It made me realize most of us are so mentally unfit today because of things like PDAs & Google.
That’s the final sentence in this Chris Khoo Supermemo User revealing interview with Chris Khoo, a Brisbane-based programmer and user of a software tool which claims to help you remember learned information forever.
If you’ve set any self-directed learning goals this year then Chris’s experiences with spaced repetition learning methods may inspire you.
OK, in these dodgy economic times, where job security now feels like skating over ever thinner ice, here’s another quote from the same interview:
I definitely have more confidence now. I can rattle off memorized material at work meetings and people have noticed the improvement.
That got my attention.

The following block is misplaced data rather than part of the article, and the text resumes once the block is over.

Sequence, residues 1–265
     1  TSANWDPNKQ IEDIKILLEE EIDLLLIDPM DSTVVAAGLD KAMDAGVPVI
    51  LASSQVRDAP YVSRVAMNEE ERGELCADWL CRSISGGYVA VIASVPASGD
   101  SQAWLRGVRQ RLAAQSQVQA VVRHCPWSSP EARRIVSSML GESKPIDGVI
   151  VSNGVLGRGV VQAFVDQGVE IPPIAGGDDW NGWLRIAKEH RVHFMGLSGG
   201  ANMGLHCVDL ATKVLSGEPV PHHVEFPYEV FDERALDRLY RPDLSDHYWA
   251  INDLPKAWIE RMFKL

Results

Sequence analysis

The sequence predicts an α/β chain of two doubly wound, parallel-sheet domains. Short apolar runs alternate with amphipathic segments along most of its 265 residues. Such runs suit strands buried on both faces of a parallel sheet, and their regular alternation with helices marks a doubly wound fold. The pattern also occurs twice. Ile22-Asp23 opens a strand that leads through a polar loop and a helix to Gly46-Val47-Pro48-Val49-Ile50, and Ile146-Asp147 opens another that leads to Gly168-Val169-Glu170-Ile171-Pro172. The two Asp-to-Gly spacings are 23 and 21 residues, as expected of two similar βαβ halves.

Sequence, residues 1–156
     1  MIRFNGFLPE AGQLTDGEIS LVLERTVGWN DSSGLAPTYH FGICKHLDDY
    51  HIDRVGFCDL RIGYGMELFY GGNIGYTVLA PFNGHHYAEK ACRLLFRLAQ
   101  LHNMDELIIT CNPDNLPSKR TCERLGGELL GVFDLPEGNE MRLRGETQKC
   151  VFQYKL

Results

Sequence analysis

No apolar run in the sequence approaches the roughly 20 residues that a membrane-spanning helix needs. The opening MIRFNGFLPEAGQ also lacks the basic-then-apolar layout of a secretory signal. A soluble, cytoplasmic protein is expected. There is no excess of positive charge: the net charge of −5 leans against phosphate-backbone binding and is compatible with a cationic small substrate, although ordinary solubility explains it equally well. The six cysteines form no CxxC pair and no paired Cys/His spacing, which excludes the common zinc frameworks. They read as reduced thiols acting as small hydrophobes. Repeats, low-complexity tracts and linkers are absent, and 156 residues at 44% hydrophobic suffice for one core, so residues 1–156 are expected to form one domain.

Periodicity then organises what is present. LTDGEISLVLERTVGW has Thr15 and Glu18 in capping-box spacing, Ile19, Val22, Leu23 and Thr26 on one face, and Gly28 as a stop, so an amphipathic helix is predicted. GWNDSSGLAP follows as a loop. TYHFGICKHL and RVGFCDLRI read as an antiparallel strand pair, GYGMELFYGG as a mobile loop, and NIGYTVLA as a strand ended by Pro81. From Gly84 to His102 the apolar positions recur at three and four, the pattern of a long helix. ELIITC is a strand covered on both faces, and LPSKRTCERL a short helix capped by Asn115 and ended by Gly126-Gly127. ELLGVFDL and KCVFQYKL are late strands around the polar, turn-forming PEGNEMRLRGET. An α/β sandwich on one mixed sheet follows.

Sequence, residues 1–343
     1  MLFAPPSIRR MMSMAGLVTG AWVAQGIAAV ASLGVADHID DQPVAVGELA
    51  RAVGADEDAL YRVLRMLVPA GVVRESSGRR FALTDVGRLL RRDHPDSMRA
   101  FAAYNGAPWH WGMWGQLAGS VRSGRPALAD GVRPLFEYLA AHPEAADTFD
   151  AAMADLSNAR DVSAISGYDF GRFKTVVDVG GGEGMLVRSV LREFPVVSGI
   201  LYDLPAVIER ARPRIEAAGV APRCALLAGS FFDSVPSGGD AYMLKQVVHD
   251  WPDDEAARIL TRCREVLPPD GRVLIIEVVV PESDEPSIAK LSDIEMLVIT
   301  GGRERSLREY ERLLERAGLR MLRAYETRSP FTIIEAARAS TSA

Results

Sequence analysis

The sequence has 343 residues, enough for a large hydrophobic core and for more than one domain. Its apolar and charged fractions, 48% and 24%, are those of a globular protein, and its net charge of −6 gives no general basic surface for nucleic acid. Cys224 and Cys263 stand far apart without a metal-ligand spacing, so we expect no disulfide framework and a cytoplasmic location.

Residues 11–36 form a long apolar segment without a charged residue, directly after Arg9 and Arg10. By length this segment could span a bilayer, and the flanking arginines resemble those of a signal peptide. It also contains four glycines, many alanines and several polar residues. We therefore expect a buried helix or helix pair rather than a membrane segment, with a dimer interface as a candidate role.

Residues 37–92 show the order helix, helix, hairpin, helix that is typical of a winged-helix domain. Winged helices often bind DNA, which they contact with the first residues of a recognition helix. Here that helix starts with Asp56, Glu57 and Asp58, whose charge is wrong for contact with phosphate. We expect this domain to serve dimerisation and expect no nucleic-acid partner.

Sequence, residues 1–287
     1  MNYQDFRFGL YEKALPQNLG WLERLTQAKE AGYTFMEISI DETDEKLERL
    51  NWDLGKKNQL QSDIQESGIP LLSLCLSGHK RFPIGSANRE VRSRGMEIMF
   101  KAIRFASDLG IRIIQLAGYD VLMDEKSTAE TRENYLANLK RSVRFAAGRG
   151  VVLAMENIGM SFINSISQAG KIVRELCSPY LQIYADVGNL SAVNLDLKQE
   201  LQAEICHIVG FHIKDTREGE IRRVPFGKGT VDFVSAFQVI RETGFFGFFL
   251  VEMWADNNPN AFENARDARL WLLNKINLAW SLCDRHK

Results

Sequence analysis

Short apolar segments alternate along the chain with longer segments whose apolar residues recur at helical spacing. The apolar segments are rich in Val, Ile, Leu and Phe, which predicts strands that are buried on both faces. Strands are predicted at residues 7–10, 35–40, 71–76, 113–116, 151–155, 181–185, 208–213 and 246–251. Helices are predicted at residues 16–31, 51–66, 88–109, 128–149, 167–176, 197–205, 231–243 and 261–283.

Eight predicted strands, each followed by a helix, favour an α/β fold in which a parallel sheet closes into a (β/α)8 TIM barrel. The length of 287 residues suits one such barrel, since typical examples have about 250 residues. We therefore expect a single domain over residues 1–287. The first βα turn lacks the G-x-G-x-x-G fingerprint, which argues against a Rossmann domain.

Imagine starting a consulting assignment and being quickly up to speed with all the most pertinent facts.
Of course, this is not a free pass; regular practice is necessary and there’s a big initial investment of time, but the payoff can be spectacular.
As one of my informal learning goals this year includes passing a Japanese language exam, I decided to check out the spaced-repetition software mentioned by Chris: [Supermemo] (http://www.supermemo.com/) (mine is the older 2002 version).
Unfortunately, I still find the supermemo interface a little clunky to use and have begun testing a much simpler tool called Jmemorize; an open source Java Flashcard program based on the famous Leitner system.
(Note to Supermemo purists; yes, I know, this is somewhat different to PW’s ideas. I may end up using both programs for different goals.)